You know that favourite interview question about "where do you see yourself in 5 years' time?" It's fair to say that in 2015 100% of us got that question wrong. As I write this we're in midst of a global pandemic. It's certainly not something we saw coming, and I know that none of us have experienced this level of personal, professional, nor societal disruption before. Where I live, we're in the final days of our second full lockdown, and it seems to have hit people harder this time. I'm here to tell you that you're doing ok.
It's ok if you're feeling fearful. Or anxious. Or bizarrely energetic. Or over-caffeinated because your working-from-home situation is in close proximity to the kitchen coffee machine. Whatever you're feeling right now is completely natural, and possibly a tad uncomfortable at an emotional level. You've never lived through a pandemic before, so much of this is a big sharp learning curve. Your emotions are telling you that with their pangs of discomfort. The author Liz Gilbert stated it beautifully, "I don't need you to be some kind of hero right now who can glide through these changes without so much as flinching...To me it makes perfect sense that you're afraid. There's a tremendous amount of uncertainty right now -- more than most of us have seen in our lifetimes."
You've not had a pandemic to work through before. Can we pause for a second, and let that soak in? You're new at this. At the same time it's entirely likely that this isn't the first time you've experienced fear/anxiety/over-caffeination. I'd like to remind you that this ain't your first rodeo when it comes to the emotions you're experiencing, so this time let's spin the straw into proverbial gold (Rumplestiltskin, anyone?).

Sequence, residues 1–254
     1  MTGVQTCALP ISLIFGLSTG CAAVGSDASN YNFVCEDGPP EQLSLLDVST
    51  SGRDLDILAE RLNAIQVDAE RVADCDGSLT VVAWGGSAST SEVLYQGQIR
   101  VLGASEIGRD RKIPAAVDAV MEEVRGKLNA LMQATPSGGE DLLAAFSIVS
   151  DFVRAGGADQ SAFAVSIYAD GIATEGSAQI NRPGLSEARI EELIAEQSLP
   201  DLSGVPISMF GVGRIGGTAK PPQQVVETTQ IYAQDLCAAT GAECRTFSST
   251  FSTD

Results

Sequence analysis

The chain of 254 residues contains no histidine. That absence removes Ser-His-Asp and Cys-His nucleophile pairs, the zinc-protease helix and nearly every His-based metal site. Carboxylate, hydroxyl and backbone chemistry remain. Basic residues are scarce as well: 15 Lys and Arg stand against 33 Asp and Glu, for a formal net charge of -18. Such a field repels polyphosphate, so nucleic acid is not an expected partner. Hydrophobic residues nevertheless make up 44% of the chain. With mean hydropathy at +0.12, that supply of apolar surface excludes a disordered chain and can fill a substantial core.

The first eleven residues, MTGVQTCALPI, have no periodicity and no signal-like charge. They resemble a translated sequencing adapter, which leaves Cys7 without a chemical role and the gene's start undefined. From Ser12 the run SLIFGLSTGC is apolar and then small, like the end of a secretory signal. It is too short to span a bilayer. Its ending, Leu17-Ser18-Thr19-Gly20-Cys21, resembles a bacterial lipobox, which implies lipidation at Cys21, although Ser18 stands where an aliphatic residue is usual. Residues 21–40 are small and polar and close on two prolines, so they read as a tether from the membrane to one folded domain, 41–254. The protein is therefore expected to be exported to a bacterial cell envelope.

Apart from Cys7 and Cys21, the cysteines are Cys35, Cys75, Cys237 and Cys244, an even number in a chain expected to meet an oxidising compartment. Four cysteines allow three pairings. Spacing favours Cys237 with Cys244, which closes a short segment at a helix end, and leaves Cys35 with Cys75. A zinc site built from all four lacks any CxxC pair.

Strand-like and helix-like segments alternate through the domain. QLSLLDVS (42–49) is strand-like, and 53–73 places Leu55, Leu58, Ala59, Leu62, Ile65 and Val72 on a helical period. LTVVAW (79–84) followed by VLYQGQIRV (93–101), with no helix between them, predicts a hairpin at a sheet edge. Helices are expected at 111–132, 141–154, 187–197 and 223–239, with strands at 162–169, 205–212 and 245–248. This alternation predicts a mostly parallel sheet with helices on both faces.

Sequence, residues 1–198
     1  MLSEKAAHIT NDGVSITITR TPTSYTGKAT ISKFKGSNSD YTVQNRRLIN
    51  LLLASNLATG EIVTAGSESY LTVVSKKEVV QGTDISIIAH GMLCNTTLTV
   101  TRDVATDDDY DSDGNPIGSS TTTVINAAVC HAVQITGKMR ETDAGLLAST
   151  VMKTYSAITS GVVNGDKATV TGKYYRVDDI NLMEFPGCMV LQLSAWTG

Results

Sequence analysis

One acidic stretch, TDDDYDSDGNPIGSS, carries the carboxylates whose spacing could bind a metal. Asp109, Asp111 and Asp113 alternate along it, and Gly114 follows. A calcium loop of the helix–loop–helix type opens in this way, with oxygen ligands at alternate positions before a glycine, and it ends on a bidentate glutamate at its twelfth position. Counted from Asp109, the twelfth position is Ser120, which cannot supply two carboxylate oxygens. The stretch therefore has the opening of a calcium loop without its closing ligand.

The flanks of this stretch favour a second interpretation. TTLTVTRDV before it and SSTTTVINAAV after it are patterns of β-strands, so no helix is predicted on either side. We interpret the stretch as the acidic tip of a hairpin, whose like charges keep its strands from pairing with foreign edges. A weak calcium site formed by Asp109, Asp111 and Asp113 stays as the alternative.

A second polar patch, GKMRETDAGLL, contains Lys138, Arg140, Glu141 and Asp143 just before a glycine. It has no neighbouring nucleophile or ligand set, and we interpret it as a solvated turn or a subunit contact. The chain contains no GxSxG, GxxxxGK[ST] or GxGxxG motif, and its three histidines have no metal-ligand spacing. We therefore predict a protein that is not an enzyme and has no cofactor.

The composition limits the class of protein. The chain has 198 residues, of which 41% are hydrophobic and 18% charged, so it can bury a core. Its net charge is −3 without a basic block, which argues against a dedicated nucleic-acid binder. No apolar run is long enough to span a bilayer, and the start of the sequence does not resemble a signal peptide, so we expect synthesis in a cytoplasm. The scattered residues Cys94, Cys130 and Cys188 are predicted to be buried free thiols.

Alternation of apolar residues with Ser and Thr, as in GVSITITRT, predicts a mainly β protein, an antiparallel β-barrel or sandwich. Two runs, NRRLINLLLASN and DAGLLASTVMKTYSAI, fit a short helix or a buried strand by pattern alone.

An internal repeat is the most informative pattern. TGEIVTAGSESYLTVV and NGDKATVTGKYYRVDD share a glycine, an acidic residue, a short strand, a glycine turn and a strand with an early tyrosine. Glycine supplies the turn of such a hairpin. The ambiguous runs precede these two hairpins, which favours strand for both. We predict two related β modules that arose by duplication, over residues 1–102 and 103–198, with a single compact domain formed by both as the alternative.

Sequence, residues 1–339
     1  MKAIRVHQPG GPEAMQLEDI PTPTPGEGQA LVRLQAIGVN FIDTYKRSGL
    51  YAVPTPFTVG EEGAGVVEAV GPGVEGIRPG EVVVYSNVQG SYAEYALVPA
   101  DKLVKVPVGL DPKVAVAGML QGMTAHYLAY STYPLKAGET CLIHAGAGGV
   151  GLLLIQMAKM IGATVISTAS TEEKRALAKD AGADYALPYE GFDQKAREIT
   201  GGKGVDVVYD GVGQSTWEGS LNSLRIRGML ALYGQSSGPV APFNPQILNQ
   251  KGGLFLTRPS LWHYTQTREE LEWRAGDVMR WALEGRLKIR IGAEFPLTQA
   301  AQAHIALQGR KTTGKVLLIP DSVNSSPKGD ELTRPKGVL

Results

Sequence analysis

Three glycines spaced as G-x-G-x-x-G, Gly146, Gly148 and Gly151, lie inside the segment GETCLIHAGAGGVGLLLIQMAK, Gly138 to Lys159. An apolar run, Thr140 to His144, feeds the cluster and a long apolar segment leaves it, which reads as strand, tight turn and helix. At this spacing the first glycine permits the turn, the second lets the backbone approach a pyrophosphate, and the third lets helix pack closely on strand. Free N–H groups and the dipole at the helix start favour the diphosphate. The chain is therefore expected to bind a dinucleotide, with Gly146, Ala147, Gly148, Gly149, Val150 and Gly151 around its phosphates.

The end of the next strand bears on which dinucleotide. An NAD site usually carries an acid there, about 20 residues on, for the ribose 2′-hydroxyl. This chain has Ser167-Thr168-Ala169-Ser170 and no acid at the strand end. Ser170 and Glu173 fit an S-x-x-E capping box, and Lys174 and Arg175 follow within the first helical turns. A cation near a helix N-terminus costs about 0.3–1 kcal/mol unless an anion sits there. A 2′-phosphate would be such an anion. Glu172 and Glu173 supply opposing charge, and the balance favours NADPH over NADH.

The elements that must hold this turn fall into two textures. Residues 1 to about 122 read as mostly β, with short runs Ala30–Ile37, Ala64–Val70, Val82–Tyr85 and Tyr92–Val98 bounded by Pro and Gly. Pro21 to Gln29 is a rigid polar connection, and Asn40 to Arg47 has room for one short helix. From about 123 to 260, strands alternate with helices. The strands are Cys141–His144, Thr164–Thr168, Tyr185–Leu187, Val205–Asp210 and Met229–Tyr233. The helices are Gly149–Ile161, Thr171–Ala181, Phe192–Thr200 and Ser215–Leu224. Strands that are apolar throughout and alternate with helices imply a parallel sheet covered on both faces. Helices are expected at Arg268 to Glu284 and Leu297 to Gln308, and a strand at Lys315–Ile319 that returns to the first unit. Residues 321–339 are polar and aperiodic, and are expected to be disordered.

Recall another occasion in your life when you felt this way. Perhaps it was an earlier round of high-level exams you were sitting that made you feel nervous and unsure. Was it a relationship that came to an end? Was it something "good" such as traveling by yourself for the first time that conjured up anxiety because of all the connections to make to catch your next bus/train/flight? You've encountered difficult things before, and you made it through. You have examples of your resilience if you scroll through your resume and look at what it took to get there. You are made of strong stuff. Courage is not an absence of fear. It's being afraid yet doing the right thing.
As Martin Luther King observed, "The ultimate measure of a man is not where he stands in moments of comfort and convenience but where he stands at times of challenge and controversy." This coming chapter will be long. It will test your resolve and your character, and this is exactly where you need to be to develop resilience. Keep choosing the courageous path. Keep looking out for others, checking in with friends and colleagues and asking how they are. Don't wait for them to ask for help. Many won't. Use this chapter to become your most thoughtful, kind, and compassionate self. You get to choose who you are in 2020 and how you use your emotions to either withdraw or to deepen connection. Others will be feeling the way you do. By reaching out to them, no matter how you're feeling, you choose to build your resilience.
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